August 30, 2022
Joseph Henney’s emotional support animal WallyGator goes with him almost everywhere—from the grocery store to walks in the park. They hug each other and sleep in the same bed. WallyGator is an alligator, reports The Washington Post.
“When he turns his nose toward you, that means he expects a kiss,” said Henney, 69, who goes by Joie (pronounced “Joe”) and lives in Jonestown, Pennsylvania, about two hours from Philadelphia. “He’s super sweet-natured.”
The two watch television together on the couch, and when Henney takes him to the farmers market, WallyGator gives hugs to shoppers—as long as they are okay with being that close to a 70-pound reptile with a mouth full of razor-sharp teeth.
“Wally is definitely not your average crocodilian,” says Henney, explaining that most people in his community are familiar with his seven-year-old, 5½-foot emotional support alligator.
WallyGator has a following on TikTok and Instagram, and he made headlines on Friday, August 26, after Henney took him to Love Park in Philadelphia.
“He’s a very special gator, but I wouldn’t recommend that anyone get one,” he said. “If you don’t know what you’re doing, you will get bit.”
Henney’s unusual relationship with WallyGator started in 2015, he said, when a friend called from Florida and asked if he could take in a few gators that had been found in a pond in Orlando. Henney makes a living in woodcrafting, but he has always enjoyed caring for reptiles as a pastime, he said.
Alligators are legal to own in Pennsylvania, and Henney has helped relocate unwanted alligators, snakes, and iguanas to wildlife sanctuaries as a hobby for about 30 years. He keeps his rescue reptiles in his home in separate indoor enclosures that he purchased for this purpose. He then finds sanctuaries or zoos that will take them.
He is usually called to rescue alligators when people take in cute baby gators as pets but they inevitably turn into large animals that can be difficult to handle, he explains. They are, after all, a species that has not changed since the time of the dinosaurs.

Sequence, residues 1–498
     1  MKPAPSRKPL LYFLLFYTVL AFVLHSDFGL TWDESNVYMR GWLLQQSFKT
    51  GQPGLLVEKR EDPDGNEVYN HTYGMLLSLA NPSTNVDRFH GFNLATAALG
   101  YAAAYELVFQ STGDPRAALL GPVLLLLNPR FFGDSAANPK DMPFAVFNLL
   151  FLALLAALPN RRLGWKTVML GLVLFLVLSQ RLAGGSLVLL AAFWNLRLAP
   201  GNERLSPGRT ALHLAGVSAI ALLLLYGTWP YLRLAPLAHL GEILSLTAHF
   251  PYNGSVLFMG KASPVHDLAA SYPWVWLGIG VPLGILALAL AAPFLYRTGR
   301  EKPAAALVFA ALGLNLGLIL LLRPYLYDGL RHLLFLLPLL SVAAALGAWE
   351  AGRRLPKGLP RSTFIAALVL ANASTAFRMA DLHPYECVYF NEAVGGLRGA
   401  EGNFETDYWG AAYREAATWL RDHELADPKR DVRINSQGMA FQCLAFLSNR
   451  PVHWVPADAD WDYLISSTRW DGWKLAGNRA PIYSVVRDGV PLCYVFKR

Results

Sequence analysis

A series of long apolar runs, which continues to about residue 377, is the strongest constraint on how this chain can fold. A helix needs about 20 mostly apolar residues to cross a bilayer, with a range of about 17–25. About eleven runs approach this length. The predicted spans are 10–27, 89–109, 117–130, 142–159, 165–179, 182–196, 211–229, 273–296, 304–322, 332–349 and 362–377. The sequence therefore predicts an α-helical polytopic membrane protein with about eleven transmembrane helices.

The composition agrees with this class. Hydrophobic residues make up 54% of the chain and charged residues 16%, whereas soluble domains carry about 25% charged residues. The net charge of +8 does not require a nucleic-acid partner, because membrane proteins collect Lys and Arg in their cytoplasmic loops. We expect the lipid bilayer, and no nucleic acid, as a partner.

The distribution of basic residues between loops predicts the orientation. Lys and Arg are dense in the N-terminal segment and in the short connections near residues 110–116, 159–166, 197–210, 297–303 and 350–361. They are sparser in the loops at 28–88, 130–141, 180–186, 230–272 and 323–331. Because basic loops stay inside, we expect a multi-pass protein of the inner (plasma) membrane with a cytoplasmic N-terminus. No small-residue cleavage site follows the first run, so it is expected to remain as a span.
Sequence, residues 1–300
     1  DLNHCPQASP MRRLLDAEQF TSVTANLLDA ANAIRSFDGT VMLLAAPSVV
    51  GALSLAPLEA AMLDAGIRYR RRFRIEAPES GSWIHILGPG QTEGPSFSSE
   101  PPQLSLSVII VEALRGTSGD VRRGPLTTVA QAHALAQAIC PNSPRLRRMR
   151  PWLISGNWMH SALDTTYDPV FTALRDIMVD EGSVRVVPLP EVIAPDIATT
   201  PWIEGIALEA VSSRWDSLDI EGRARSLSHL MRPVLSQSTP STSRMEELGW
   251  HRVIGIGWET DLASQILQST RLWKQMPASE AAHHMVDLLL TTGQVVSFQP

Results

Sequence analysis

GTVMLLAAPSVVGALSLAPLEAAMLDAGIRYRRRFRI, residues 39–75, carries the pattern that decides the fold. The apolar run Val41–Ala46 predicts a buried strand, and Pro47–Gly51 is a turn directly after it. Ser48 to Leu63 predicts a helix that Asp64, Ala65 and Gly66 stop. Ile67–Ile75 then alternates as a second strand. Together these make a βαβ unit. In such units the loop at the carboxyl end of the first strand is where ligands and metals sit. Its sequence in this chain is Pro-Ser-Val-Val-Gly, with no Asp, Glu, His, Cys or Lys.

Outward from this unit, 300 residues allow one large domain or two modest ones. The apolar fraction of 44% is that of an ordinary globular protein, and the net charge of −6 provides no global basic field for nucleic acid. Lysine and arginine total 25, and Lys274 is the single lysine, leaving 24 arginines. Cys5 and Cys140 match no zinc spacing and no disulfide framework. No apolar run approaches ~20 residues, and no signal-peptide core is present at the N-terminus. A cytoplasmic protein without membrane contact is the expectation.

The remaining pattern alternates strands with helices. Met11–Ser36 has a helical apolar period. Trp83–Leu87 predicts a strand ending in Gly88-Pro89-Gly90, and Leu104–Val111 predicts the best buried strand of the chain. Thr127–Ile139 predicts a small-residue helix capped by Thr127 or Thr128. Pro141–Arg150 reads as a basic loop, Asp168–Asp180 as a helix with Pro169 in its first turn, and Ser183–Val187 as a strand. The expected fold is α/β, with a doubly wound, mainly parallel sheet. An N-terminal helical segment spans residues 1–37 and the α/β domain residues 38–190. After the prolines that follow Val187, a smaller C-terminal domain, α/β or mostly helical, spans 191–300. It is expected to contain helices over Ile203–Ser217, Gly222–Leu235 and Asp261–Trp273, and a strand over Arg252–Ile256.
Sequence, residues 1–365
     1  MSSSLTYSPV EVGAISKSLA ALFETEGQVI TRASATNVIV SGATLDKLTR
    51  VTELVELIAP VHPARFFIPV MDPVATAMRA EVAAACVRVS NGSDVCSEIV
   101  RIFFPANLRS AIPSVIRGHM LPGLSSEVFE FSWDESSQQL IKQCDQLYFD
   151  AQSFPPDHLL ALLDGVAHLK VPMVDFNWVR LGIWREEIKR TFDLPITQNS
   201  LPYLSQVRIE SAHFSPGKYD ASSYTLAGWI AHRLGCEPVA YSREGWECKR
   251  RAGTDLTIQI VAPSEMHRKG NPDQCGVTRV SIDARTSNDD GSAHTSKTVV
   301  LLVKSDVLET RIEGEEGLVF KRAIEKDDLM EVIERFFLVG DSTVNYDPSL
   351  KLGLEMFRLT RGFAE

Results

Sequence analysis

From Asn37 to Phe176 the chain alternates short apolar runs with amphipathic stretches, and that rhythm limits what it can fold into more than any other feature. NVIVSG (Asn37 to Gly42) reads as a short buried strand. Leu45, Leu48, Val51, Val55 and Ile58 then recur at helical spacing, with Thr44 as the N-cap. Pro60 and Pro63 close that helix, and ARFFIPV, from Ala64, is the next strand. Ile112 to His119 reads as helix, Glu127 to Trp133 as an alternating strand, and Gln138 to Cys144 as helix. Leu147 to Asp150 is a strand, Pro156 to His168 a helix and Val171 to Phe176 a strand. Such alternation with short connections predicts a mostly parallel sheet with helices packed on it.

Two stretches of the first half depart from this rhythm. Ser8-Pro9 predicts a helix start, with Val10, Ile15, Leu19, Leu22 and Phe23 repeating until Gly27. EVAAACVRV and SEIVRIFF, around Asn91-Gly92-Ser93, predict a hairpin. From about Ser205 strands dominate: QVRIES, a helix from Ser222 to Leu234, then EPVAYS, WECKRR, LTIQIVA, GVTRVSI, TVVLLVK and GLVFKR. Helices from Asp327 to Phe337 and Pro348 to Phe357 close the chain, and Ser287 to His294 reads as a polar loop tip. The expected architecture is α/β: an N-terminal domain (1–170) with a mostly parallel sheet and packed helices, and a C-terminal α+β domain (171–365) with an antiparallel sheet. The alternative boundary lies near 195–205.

Henney told his Florida friend that he could take in three juvenile alligators. After a while, he sent two of the gators to reptile refuges in New York and New Jersey, he said.
But Wally stayed behind: “I bonded with him and was committed to caring for him,” says Henney.
“One of the problems when someone gets an alligator for a pet is they don’t realize they’re in for a long haul,” he said, noting that the reptiles can live 80 years or longer in captivity.
They breathe air and generally live in freshwater, but their skin does not need to stay wet for survival. It isn’t common for people to want alligators as pets, though it does happen more than most people realize, he admits.
“When they get to three feet, nobody wants them,” Henney said. “They can bite and they’re extremely hard to handle.”
Wildlife experts agree: Alligators generally don’t make good pets, and they’re illegal to own in many states. “The jaw pressure from an alligator’s bite force is incredibly strong, and their powerful tails can whip you,” adding, “They are also predators who are hardwired to believe that other creatures want to eat them, so they are defensive early on, he said.
“I definitely assume that [Henney] is an exception when it comes to caring for an alligator—he’s done a good job,” Diaz said. “But most people don’t have that kind of time to devote to a pet alligator’s care.”
The large reptiles require a special diet and enrichment such as logs or live plants to hide under; and running or spraying water to thrive under human care. They should never be handled by people who aren’t trained, said Matt Evans, assistant curator of Herpetology at the Smithsonian’s National Zoo and Conservation Biology Institute in Washington, D.C.
“If you are interested in working with alligators, volunteer at your local zoo or nature center or get involved with citizen science,” Evans said.
Research contact: @washingtonpost